The whole life we know happens in a three-dimensional universe, something that prevents us from imagining a world with only two dimensions. Mathematically, however, the 2D universe might have some kind of life.
A series of calculations that show that this was done by physicist James Scargill, from the University of California at Davis (USA). In principle, the scientist challenges the "anthropic principle", the philosophical idea that excludes the possibility of existence of the universe if it does not contain life inside, which can observe it from the inside.
His article is still kept in the Cornell University (New York) archive, but he has already been awarded a Technology Review and Technology Review article by the Massachusetts Institute of Technology (MIT), which he finds "fascinating." the results of the study. "This suggests that 2D networks can be compatible with surprisingly complex behavior," MIT Digital Magazine summarizes.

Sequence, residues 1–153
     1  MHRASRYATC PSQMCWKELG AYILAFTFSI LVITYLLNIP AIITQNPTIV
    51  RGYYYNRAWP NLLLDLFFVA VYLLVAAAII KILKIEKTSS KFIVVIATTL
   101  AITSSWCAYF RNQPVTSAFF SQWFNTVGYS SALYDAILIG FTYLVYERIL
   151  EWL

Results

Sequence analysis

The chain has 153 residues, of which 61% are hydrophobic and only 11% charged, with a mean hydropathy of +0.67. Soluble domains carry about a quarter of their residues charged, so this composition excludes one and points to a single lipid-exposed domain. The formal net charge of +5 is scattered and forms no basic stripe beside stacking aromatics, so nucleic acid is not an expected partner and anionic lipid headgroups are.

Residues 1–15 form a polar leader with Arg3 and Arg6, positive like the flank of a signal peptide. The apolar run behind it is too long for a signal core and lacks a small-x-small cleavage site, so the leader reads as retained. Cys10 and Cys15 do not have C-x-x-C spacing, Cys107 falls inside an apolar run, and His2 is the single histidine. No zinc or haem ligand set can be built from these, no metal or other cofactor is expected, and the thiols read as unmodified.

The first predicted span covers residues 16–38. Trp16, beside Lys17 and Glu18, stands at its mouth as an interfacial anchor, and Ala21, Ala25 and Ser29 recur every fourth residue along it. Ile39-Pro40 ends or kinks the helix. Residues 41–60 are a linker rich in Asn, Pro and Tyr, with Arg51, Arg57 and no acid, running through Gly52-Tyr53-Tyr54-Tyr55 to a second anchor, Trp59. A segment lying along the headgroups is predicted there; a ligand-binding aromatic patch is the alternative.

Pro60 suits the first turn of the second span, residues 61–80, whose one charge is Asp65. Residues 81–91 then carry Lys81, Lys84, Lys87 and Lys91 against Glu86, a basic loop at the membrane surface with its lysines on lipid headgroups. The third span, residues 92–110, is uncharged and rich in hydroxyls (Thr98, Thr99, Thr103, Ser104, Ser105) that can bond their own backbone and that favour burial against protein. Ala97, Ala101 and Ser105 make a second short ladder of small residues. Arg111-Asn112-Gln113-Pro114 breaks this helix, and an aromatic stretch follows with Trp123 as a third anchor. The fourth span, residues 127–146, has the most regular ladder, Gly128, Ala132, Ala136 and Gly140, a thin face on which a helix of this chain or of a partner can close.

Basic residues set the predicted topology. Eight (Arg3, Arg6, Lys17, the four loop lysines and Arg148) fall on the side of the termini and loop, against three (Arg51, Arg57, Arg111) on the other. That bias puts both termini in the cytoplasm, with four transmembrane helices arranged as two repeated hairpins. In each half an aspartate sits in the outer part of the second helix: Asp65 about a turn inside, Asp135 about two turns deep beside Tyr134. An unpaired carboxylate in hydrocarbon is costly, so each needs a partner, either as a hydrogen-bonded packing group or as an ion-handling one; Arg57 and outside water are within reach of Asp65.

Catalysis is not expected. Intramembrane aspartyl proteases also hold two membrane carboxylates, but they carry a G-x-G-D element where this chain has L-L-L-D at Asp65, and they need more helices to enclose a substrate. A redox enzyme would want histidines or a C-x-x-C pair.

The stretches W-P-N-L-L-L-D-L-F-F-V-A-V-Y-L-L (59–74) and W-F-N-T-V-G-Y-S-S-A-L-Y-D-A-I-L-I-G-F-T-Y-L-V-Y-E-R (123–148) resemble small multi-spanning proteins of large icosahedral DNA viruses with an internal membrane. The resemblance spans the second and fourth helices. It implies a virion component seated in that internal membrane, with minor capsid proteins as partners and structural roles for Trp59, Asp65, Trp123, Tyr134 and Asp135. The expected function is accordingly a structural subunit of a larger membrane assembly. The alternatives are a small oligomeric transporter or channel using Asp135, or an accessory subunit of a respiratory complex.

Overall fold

In particular, the researcher cites two main arguments against the possibility of living in 2 + 1 dimensions, where "+1" is the time dimension. One is the lack of gravitational force in the 2D and Newton boundaries of general relativity. The other is that the reduction to flat topology means that the possibilities are "too simple" for life to exist.
Gravity and complexity
The calculations that Scargil has developed are very complex, but theoretically they show that the gravitational field could exist in two dimensions. This would allow the existence of gravity and hence of cosmology in this 2D universe.
In addition, a certain degree of complexity is essential to the emergence of life, something the physicist accepts. The maximum symbol of this criterion is neural networks, and because our very complex brains exist in 3D, we can hardly imagine that the neural network can only function in two dimensions.
Scargil, however, shows that some types of two-dimensional flat chains have much to do with the biological neural networks we encounter in life. They are like the so-called small world, a mathematical model in which a complex network is reduced to a minimum number of steps.
Therefore, according to physics, as explained by Scargil, two-dimensional universes can sustain life. This does not mean they necessarily exist, but the work shows that the two main arguments against their existence are negligible and need a review. In addition, the researcher admits that there may be other obstacles to the development of life in two dimensions and does not rule out the possibility of someone presenting them in the future.